The U.S. Food and Drug Administration said it was finalizing the work needed to clear a Covid-19 vaccine developed by
and German partner
after the injection was endorsed by an expert panel.
“We could see people getting vaccinated Monday, Tuesday of next week,” Health and Human Services Secretary
said on ABC’s “Good Morning America.”
Because of limited supplies, the first doses are expected to go to health workers treating Covid-19 patients and nursing-home residents.
More shots will become available to more Americans, starting with people such as essential workers, as vaccine production increases. Yet most Americans won’t get vaccinated until spring or summer, according to health authorities.
Supplies won’t be sufficient to make a serious difference in the coronavirus pandemic this winter, said BioNTech Chief Executive
BioNTech and Pfizer are scaling up production with the aim of being able to produce up to 100 million doses by January at the latest, he said.
“Ideally, we should be able to produce even more than that,” Dr. Sahin said in an interview.
director of the FDA’s center for biologics, said they had told the drugmakers and the government’s Operation Warp Speed of the agency’s efforts.
The agency “will rapidly work toward finalization and issuance of an emergency use authorization,” the officials said.
They issued their statement after President Trump criticized the pace of the agency’s review on Twitter, saying the FDA was “a big, old, slow turtle” and urging Dr. Hahn to clear the vaccine immediately.
White House chief of staff Mark Meadows told Dr. Hahn in a phone call Friday that he would need to look for a new job if the FDA didn’t authorize the vaccine by the end of the day, according to a senior administration official, prompting the FDA to speed up its plans.
Dr. Hahn, in a statement, denied that his job was threatened on the call, which was earlier reported by the Washington Post.
“This is an untrue representation of the phone call with the Chief of Staff,” Dr. Hahn said. “The FDA was encouraged to continue working expeditiously on Pfizer-BioNTech’s EUA request. FDA is committed to issuing this authorization quickly, as we noted in our statement this morning.”
Vaccines normally take years to develop and months to review. The launch of the Pfizer-BioNTech vaccine would happen in less than a year, a record time.
Given the urgent need, the FDA conducted a faster review of the shot than it normally does. The result will be the agency issuing an authorization for emergency use, rather than the typical approval.
The FDA has issued several emergency-use authorizations for drugs during the pandemic. Its emergency-use authorization of the Pfizer-BioNTech vaccine is expected to become final Friday or over the weekend.
The Pfizer-BioNTech vaccine was 95% effective and generally well-tolerated in a 44,000-person late-stage trial. On Thursday, a panel of independent medical advisers recommended that the FDA clear the inoculation for wide use.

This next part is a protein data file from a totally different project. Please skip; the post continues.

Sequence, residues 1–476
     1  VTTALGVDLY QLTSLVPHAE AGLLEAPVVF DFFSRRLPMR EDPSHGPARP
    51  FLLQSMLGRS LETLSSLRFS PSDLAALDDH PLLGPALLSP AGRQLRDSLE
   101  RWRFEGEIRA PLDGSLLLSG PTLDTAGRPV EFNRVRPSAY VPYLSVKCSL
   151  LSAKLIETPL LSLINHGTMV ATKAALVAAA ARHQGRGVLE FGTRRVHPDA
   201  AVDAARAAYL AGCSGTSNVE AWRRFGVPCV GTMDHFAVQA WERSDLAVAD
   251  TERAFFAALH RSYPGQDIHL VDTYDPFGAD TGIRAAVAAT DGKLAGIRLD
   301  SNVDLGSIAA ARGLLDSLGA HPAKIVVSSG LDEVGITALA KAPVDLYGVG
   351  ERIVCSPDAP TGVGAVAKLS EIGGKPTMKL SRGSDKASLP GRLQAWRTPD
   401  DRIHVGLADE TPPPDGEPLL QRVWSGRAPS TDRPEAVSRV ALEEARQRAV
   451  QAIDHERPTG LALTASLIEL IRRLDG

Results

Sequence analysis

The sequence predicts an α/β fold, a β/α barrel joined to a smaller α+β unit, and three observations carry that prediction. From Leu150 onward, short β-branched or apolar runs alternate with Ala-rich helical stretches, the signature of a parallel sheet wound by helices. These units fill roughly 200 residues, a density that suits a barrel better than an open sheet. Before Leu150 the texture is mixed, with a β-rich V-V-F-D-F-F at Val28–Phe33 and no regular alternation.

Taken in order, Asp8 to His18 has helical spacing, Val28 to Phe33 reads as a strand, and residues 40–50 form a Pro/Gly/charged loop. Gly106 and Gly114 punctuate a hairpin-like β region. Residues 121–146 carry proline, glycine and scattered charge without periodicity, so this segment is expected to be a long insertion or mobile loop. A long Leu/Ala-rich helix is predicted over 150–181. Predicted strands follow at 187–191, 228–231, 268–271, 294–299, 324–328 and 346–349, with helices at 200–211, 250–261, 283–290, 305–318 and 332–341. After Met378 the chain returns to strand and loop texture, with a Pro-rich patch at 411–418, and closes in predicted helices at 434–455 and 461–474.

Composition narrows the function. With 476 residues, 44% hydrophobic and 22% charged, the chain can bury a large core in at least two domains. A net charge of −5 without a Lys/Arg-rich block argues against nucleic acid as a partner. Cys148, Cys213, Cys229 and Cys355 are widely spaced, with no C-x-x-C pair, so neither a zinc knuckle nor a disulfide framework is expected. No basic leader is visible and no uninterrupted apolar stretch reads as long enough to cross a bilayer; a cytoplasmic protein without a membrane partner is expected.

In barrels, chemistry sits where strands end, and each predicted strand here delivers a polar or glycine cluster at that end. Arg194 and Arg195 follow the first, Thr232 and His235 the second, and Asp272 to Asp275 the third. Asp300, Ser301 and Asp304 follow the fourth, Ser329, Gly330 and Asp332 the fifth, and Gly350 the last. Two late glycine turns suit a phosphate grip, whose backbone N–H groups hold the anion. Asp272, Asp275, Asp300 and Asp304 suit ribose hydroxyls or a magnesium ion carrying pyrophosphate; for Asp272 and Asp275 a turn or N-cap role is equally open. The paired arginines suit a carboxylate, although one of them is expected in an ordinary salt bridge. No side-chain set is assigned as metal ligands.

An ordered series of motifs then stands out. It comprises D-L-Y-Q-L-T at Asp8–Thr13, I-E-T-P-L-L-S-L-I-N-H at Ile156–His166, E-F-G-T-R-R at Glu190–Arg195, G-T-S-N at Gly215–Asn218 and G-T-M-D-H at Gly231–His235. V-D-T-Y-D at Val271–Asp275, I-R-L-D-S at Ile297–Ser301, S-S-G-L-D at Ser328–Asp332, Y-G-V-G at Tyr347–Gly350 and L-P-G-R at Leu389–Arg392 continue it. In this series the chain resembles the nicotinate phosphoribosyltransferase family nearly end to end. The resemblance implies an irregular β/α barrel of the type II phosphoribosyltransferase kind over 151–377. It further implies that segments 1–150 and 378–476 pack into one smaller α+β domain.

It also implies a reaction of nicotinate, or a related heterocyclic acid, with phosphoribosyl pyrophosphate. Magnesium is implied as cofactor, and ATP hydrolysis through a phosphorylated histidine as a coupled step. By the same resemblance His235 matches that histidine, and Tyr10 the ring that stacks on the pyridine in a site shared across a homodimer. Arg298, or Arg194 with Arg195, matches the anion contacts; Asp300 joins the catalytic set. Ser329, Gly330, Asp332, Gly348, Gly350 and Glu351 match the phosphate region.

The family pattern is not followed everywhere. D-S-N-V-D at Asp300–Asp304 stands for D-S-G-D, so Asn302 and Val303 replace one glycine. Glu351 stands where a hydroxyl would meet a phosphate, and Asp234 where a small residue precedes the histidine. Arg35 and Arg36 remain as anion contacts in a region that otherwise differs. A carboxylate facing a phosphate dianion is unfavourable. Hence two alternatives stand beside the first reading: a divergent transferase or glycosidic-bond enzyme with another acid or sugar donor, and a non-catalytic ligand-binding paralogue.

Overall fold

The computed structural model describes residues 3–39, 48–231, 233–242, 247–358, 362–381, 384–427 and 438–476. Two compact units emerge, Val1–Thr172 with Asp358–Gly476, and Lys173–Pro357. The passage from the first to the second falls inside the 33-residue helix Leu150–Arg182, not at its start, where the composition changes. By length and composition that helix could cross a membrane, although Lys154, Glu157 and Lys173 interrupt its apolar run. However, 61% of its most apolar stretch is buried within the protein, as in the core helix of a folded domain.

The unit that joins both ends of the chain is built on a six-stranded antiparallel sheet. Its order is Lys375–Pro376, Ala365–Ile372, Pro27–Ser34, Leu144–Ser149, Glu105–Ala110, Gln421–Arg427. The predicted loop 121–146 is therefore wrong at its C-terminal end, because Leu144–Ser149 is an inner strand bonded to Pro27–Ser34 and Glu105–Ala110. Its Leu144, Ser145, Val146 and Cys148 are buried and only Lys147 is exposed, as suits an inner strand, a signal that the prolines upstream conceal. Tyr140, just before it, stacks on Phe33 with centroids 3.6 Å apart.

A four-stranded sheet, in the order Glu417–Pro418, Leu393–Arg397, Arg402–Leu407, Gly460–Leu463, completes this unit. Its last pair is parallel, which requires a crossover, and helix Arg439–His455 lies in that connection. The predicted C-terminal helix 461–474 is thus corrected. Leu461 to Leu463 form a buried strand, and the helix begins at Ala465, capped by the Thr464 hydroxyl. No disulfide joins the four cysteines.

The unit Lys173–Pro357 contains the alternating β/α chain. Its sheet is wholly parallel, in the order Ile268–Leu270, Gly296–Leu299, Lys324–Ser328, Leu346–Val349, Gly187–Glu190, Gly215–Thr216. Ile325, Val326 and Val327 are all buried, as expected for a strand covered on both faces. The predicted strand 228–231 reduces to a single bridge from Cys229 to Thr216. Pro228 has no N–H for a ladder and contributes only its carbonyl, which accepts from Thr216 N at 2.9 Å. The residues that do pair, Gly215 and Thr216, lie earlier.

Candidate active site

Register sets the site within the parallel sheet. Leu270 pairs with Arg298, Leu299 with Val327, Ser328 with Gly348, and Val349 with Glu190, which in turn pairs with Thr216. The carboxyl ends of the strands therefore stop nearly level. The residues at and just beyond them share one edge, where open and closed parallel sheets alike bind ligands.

In the U.S., the first recipients are slated to be hospital and first-line medical workers, as well as residents of nursing homes. Federal officials have said the distribution is expected to commence within 24 hours of a final FDA decision.
The Pfizer-BioNTech vaccine has already been cleared by regulators in the U.K. and Canada. After two health workers in the U.K. developed allergic reactions, the country’s health authorities warned that people who have a history of serious allergic reactions shouldn’t get inoculated.
Also on Friday, the U.S. government exercised an option to purchase an additional 100 million doses of
Covid-19 vaccine, doubling the contracted supply to 200 million doses by the end of June 2021 if the shot is authorized, the government and the company said.
Pfizer offered over the summer to provide more doses than the initial 100 million, but federal officials declined. The company and the government are now discussing a deal for an additional supply.
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Moderna has also requested FDA authorization of its Covid-19 vaccine. An FDA decision may come in about a week. In August, the federal government agreed to buy 100 million doses from Moderna for $1.5 billion, with options to buy more.
Both the Pfizer and Moderna vaccines are given in two doses per person, three or four weeks apart.
Moderna said it expects to supply about 20 million doses to the U.S. by the end of December, and the rest of the initial 100 million by the end of March. It plans to deliver the new supply of an additional 100 million doses by the end of June, subject to government authorization.
The government has options to purchase an additional 300 million doses of Moderna’s vaccine.
—Peter Loftus, Rebecca Ballhaus and Andrew Restuccia contributed to this article.
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